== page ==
By Avascent Analytics team
The 26th International Defense Industry Exhibition – or MSPO – took place this week in Kielce, Poland. In preparation for the event, Warsaw-based consulting associate Dr. Dominik Kimla examined Central and Eastern Europe’s defense markets – one of the fastest growing markets in the world – presenting sizable market opportunities for Western defense suppliers. To read Dr. Kimla’s white paper on Central and Eastern Europe defense spending, click here.
A quick look at the biggest stories of the week
India • Afghanistan • Taiwan • Egypt • Ukraine
On September 4, Lockheed Martin announced that all future wings for the F-16 fighter aircraft will be built in India with local partner Tata Advanced Systems Ltd. The announcement came days before Defense Secretary James Mattis and Secretary of States Mike Pompeo were to arrive in New Delhi for talks with their Indian counterparts. Lockheed Martin clarified that the move did not depend on the company winning the contract for the Indian Air Force’s competition for 100 fighter aircraft worth an estimated $13.2 billion. Avascent Analytics expects that the Indian government won’t decide on the outstanding requirement until after the country’s general elections in 2019, and probably not before 2022.
Sierra Nevada has been awarded an IDIQ contract worth up to $1.8 billion for the supply of A-29 Super Tucanos to the Afghan Air Force, raising the existing contract ceiling by roughly $750 million. According to the Special Inspector General for Afghan Reconstruction’s July report, the US Air Force had already delivered 22 of the aircraft with an additional four under production. The program is part of a series of US programs designed to rapidly expand the Afghan Air Force, including a deal for 150 MD-530 armed reconnaissance helicopters and nearly 160 UH-60A+. The A-29 IDIQ will be funded through US Afghanistan Security Forces Funds.
Taiwan’s Ministry of National Defense submitted a budget proposal to the Legislative Yuan, which featured strong spending proposals for the construction of naval vessels. Foremost is a proposed allocation of more than $1.6 billion between 2019 and 2026 towards the construction of a prototype submarine. Over $245 million would be spent in 2019 alone, mostly towards facilities and equipment necessary for submarine construction. Taiwan has never built a submarine before and will likely spend a significant amount of money not just for facilities and equipment for construction, but also on technology transfer and foreign technicians who have experience in submarine construction. The proposed budget also allocates over $1 billion over 11 years towards the construction of 60 fast missile boats, and over $1.1 billion over eight years to build a prototype of a future frigate. These projects are part of a broader national shipbuilding plan worth over $14.5 billion through 2040. The budget proposal did not include a purchase of M1A2 main battle tanks, which Taiwan had expressed interest in earlier this year. This may be due to the Ministry of National Defense placing priority on larger naval projects.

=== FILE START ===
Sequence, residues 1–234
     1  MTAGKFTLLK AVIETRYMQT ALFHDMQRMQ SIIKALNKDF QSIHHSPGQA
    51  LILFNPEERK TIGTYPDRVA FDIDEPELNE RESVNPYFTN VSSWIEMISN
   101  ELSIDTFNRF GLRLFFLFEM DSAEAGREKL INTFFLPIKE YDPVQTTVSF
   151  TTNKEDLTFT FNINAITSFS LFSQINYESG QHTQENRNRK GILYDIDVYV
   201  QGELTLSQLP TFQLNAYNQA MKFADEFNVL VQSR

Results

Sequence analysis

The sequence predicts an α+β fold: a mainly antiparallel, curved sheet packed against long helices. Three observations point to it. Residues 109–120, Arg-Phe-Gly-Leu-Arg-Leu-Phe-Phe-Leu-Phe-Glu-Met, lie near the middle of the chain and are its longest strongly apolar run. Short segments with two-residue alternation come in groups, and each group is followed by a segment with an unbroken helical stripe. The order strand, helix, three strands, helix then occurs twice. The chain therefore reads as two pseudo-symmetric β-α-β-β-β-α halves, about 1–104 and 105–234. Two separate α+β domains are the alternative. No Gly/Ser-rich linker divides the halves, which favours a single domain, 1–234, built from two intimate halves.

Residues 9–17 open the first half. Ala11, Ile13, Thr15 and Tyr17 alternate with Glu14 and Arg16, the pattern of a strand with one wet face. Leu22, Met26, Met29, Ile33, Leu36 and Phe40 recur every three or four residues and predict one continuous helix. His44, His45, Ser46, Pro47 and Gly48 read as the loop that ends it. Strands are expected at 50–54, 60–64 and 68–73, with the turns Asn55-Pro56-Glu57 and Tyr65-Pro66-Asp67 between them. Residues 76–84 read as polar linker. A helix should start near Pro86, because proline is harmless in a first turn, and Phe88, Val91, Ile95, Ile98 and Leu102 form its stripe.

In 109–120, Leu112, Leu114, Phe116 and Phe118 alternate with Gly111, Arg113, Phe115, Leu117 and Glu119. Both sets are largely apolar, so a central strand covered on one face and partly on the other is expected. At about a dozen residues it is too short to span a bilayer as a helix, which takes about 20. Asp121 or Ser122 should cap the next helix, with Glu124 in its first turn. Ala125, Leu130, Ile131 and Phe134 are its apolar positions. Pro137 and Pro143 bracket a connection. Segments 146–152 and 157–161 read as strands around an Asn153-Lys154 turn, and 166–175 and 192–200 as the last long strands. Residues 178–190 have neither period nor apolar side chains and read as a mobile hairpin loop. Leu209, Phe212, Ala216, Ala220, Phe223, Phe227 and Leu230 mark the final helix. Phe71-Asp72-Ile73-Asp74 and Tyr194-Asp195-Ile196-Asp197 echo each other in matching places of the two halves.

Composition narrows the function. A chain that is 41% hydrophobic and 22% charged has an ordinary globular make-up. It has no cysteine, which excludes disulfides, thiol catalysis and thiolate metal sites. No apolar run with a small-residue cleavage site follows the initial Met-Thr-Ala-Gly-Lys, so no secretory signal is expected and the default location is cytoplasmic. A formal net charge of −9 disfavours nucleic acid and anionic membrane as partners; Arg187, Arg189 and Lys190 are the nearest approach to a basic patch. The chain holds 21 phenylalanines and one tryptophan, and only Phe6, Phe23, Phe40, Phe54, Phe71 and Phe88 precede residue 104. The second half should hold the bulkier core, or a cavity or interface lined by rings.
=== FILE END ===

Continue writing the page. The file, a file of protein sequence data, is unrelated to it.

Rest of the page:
On September 3, Egypt was close to completing negotiations with ThyssenKrupp Marine Systems for two new MEKO A200 corvettes. Egypt previously bought four Gowind 2500 corvettes from Naval Group in 2014, which contained an option in the agreement for another two corvettes. However, it appears that the Egyptian government has decided to buy a different model of corvette rather than exercise that option. The A200 corvettes are expected to be valued at approximately $1 billion, excluding weapons, and would be built in Germany.
As Ukraine considers purchasing surface-to-air missile systems, the Ukrainian Ambassador to the US, Valeriy Chaly, announced that the country was interested in acquiring one air-and-missile defense (AMD) system from the US for $750 million. While the name of the exact system was not called out, that price tag is very similar to the cost of a Patriot AMD system. The acquisition of a Patriot AMD system would be beneficial to Ukraine given the ongoing conflict stemming from the annexation of Crimea in 2014 and the proximity of Russian Iskander missile systems, but the odds that a Patriot acquisition would be completed are fairly low. This is largely due to limits on Ukraine’s defense procurement spending, which will float between $450 million to $550 million over the next five years. The purchase of an expensive AMD system like Patriot would crowd out a lot of ongoing modernization programs and the buildup of the country’s air force and navy. Ukraine would have to find substantial funding for the acquisition in addition to what it currently has budgeted for procurement. Additionally, Ukraine was only recently approved to acquire Javelins after an Obama-era mandate preventing the sale of weapons to Ukraine was overturned by the Trump administration. The potential sale of a Patriot system to Ukraine is likely to face significant hurdles for approval compared to the Javelin acquisition.
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